xcode 4 with subversion SVN server–Tips

As newly anointed Xcode developers, and now with the release of Xcode 4. We found our team working on trying to get connected to a new subversion (svn) server at the same time we were trying to discover some new features of Xcode 4.

Talk about challenging.

Actually this was the first time with anything Apple we have not had a great experience. Loads of talk etc on the net about what a pain in the bum it all is.

For those who don’t know. Subversion is a code storage system that allows check in / check out of developer Xcode to a server. There are services online that you can pay monthly to for the use of a SVN server. We wanted to host it on one of our own servers.

The setup was not easy and required the setup of a new Linux server, then the setup of the SVN code to turn it into an SVN server.

What became confusing was when we needed to get Xcode to talk to the darn thing. Here is the important things you need to know.

First Contact

Just like the movie from when I was a kid, “First encounter”  is a big deal! Big enough to heap your mashed potato into a big mountain!

1. Open Xcode and select Window / Organiser.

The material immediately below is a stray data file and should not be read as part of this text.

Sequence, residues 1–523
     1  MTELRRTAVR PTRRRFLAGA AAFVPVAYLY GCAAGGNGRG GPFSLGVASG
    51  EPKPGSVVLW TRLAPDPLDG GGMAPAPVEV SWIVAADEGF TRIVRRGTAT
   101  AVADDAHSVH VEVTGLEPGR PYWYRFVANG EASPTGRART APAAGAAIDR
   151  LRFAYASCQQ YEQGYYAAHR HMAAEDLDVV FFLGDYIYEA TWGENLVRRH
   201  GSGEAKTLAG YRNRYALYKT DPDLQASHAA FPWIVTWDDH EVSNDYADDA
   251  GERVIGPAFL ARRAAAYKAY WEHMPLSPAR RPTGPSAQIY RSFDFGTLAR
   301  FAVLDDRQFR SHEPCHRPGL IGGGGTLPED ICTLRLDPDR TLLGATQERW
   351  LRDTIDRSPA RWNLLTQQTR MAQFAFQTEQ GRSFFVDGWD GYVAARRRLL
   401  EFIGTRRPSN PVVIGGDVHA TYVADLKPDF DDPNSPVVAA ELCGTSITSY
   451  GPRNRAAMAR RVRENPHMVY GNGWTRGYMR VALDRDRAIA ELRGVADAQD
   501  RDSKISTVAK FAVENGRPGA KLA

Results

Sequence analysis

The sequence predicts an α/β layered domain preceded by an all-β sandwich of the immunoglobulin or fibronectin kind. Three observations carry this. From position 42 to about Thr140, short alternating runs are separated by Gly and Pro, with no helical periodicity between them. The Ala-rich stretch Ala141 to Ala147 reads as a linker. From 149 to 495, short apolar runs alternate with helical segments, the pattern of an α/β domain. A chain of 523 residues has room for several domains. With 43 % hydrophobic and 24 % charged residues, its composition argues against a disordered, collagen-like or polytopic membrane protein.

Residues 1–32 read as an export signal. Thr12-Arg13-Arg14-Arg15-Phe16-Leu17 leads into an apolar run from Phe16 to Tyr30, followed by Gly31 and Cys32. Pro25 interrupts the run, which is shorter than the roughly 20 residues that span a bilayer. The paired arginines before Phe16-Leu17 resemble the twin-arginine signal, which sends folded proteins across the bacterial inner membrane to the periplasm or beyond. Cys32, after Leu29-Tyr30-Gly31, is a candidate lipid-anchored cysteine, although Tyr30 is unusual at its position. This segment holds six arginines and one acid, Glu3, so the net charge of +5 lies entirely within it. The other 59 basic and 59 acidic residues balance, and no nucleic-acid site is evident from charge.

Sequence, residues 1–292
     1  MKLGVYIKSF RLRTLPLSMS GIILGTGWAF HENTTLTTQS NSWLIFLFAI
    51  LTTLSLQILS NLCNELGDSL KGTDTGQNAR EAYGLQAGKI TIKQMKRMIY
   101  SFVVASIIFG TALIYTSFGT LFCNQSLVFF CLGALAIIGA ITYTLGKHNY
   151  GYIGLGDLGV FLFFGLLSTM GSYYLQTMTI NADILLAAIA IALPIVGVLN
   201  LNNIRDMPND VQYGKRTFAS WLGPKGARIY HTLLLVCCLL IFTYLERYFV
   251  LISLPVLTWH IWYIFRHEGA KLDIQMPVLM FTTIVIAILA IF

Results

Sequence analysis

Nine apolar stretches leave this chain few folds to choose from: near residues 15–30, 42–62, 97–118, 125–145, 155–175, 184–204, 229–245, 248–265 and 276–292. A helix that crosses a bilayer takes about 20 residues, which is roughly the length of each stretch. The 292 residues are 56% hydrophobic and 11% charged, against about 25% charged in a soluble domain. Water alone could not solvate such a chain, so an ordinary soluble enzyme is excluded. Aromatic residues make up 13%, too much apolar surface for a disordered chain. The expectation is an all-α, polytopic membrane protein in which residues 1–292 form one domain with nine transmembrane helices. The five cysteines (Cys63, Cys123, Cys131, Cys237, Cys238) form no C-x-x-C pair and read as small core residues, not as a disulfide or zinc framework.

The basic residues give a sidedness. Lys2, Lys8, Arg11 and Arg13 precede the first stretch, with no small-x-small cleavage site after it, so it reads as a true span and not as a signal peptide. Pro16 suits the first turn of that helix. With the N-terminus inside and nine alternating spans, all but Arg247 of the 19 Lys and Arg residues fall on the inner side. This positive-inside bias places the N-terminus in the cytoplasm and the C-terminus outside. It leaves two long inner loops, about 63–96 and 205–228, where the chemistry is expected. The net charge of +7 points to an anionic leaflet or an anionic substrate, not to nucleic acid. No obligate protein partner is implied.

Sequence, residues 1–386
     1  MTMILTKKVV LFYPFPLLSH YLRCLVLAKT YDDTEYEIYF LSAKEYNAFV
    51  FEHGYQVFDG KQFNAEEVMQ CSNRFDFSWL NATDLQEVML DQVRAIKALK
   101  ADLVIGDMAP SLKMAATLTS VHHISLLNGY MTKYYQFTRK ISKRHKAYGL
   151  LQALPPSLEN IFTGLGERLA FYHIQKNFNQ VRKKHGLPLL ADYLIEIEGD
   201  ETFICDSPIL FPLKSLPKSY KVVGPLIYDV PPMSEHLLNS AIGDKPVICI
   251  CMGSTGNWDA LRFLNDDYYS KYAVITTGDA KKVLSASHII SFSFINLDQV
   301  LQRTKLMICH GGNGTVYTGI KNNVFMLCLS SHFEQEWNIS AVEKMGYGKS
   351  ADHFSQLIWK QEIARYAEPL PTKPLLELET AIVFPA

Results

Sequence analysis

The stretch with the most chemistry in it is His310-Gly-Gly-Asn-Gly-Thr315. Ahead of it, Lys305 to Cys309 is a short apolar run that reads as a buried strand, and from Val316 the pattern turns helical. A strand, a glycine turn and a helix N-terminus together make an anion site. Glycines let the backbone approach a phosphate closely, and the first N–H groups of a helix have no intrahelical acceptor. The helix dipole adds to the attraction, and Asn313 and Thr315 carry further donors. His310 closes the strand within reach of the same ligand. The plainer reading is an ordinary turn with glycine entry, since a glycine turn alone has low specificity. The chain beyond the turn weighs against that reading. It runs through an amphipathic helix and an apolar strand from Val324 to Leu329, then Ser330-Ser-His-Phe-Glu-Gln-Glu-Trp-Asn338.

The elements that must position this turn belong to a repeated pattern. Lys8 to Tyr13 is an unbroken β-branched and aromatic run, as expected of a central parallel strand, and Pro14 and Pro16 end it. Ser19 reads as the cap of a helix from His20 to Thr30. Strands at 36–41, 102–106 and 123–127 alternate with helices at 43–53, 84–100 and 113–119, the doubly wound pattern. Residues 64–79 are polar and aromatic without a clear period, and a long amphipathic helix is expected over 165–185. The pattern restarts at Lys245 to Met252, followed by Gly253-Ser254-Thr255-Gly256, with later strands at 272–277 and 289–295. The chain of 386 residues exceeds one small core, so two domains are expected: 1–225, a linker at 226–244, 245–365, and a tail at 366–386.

2. Select Repositories

3. Bottom left, click the +

4. Add the details of the SVN server. Like this: svn://www.servername.com/directory (this should be the details for your SVN Server).

5. Where asked for Trunk Branches and Tags (leave empty for now).


Now we nee to use the “Terminal” program to make a connection to SVN.

1. Create a test.txt file with some simple message in it. Save it in your documents folder on your mac.

2. Open Terminal

3. Type “svn import /Users/yourname/Documnets/test.txt svn://www.servername.com/directory -m “initial import” –username yourname


the path “/Users/yourname/Documnets/test.txt” should be a path to any single dummy test.txt file. The idea is that we are uploading a single file to establish a connection.

The: svn://www.servername.com/directory is the path to your SVN server

“initial import” is only a tag line. Not needed